Illustration:Rebecca Zisser/Axios

Coord, a curb-management company, is offering its services at no charge to up to three cities that are trying to better manage — and monetize — curb space that is in constant demand.

Why it matters: Ride-hailing, e-commerce delivery trucks, on-demand food delivery, e-scooters, bikes and pedestrians — not to mention personal vehicles looking for street parking — are all competing for a limited amount of curb space, making that narrow stretch of the road congested, chaotic and even dangerous.

Details: Offering pilot programs free of charge is a way to let cities experiment with the "digital curb" platform that New York-based Coord, which is backed by Alphabet's Sidewalk Labs, has built to help cities digitally inventory, price, allocate and manage the curb.

  • Coord already operates in 15 North American cities including San Francisco, Seattle, Austin and Washington, D.C., and says the pilots would be a minimum of two months long, and are open to places like airports, college campuses and entertainment districts.
  • Applications are open until Feb. 14.
  • Pilots can include smart commercial loading zones, ride-hail management and passenger loading zones, and demand responsive pricing.

The big picture: The curb congestion problem is worsening as the on-demand mobility economy continues to grow, and other curb-management companies like curbFlow are offering pilot programs, too.

Since curbs are public rights of way, it's up to officials to get them under control while also considering the revenue that comes from parking meters, permits and tickets.

  • "Those are established revenue streams, so not only is there political resistance to giving up parking in a community, but there's financial resistance," said Coord CEO Stephen Smyth. "We think it's really important to provide a business model that a city can get behind to enable a city to generate revenue from new, post-parking curb uses."
  • For example, delivery fleets may be interested in paying a regular fee for better access to commercial loading zones instead of paying the parking tickets for illegally double parking.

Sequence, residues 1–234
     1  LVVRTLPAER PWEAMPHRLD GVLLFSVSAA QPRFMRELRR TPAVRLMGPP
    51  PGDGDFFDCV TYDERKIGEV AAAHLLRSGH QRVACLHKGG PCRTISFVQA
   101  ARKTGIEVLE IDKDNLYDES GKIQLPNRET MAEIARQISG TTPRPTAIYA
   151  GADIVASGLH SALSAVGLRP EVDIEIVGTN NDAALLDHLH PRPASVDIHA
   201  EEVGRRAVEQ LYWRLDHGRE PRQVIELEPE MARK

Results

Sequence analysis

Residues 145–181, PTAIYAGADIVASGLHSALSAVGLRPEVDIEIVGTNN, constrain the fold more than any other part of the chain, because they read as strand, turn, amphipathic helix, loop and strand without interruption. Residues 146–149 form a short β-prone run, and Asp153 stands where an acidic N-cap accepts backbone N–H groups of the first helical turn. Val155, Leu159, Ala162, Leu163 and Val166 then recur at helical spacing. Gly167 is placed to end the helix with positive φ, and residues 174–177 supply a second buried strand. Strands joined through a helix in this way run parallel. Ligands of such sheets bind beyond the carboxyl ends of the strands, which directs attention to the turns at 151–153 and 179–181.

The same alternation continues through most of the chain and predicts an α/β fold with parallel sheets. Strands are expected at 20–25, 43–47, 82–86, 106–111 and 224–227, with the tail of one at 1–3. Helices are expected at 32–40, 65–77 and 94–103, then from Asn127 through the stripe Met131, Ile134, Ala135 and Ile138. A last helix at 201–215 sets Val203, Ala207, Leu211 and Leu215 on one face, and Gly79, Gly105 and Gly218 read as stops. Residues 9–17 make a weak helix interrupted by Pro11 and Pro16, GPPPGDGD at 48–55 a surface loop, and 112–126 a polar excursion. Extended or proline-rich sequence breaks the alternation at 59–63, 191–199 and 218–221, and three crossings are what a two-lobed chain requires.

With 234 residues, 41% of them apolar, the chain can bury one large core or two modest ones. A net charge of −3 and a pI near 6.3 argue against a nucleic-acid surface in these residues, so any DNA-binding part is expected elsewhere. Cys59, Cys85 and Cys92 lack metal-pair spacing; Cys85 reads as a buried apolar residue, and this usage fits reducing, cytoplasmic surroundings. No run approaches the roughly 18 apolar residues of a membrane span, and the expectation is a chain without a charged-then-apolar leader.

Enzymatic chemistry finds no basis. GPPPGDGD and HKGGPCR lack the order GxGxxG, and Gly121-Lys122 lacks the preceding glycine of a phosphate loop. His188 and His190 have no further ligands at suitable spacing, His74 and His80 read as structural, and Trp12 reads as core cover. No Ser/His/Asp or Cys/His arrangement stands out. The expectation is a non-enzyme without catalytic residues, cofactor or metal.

Between the lines: Most cities haven't taken an inventory of curb space, nor do they have the data expertise to analyze how the curbs are being used throughout the day to make decisions about reducing parking supply or raising prices with demand.

  • They also have to balance commercial and residential needs with public safety needs by, for example, tracking where fire hydrants are located.
  • "At a city council meeting, that data is essential to explaining the trade off to the community to build support for re-allocating space from parking to scooter parking or a commercial loading zone," Smyth said.

Go deeper: Curbing roadside chaos

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Robert Mueller speaks out on Roger Stone commutation

Former Special Counsel Robert Mueller testifies before the House Permanent Select Committee on Intelligence on Capitol Hill on Wednesday July 24, 2019. Photo: The Washington Post / Contributor

Former special counsel Robert Mueller responded to claims from President Trump and his allies that Roger Stone was a "victim" in the Justice Department's investigation into Russian interference in the 2016 election, writing in a Washington Post op-ed published Saturday: "He remains a convicted felon, and rightly so."

Why it matters: The rare public comments by Mueller come on the heels of President Trump's move to commute the sentence of his longtime associate, who was sentenced in February to 40 months in prison for crimes stemming from the Russia investigation. The controversial decision brought an abrupt end to the possibility of Stone spending time behind bars.

Trump dons face mask during Walter Reed visit

Trump wearing a face mask in Walter Reed National Military Medical Center on July 11. Photo: Alex Edelman/AFP via Getty Images

President Trump wore a face mask during his Saturday visit to Walter Reed National Military Medical Center, according to AP.

Why it matters: This is the first known occasion the president has appeared publicly with a facial covering as recommended by health officials since the coronavirus pandemic began, AP writes.

Updated 13 hours ago - Politics & Policy

Coronavirus dashboard

Illustration: Sarah Grillo/Axios

  1. Global: Total confirmed cases as of 5:30 p.m. ET: 12,607,510 — Total deaths: 562,338 — Total recoveries — 6,948,863Map.
  2. U.S.: Total confirmed cases as of 5:30 p.m. ET: 3,228,884 — Total deaths: 134,600 — Total recoveries: 983,185 — Total tested: 38,919,421Map.
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  5. Sports: Charge of "money grab" by college football.
  6. World: India reimposes lockdowns as coronavirus cases soar.